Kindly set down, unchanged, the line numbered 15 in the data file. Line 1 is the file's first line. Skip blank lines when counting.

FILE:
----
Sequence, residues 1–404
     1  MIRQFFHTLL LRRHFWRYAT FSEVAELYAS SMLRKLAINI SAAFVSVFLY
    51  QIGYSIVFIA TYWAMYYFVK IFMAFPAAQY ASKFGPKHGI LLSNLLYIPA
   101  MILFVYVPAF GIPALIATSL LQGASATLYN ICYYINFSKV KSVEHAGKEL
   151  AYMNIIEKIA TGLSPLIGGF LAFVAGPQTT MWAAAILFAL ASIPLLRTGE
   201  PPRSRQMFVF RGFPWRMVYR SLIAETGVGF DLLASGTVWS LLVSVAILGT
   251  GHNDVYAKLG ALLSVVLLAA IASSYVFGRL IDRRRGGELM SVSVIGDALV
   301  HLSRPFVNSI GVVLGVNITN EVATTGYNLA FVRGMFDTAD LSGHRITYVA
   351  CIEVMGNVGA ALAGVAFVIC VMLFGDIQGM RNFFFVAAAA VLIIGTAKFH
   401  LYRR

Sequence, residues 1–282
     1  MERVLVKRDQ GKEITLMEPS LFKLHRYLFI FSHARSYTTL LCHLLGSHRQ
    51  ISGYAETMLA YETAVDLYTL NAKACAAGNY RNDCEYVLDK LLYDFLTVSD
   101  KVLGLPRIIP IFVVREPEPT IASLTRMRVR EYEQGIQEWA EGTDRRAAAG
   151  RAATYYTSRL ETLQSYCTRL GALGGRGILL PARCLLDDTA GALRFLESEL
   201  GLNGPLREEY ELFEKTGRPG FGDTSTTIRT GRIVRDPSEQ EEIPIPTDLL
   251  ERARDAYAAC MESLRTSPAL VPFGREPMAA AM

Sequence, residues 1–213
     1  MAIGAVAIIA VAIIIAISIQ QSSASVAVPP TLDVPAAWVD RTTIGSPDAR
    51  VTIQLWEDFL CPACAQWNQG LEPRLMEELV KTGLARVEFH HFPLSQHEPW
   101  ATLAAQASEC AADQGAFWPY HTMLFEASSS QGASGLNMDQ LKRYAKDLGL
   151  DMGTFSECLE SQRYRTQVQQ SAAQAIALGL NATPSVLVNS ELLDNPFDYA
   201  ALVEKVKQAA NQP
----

   151  RAATYYTSRL ETLQSYCTRL GALGGRGILL PARCLLDDTA GALRFLESEL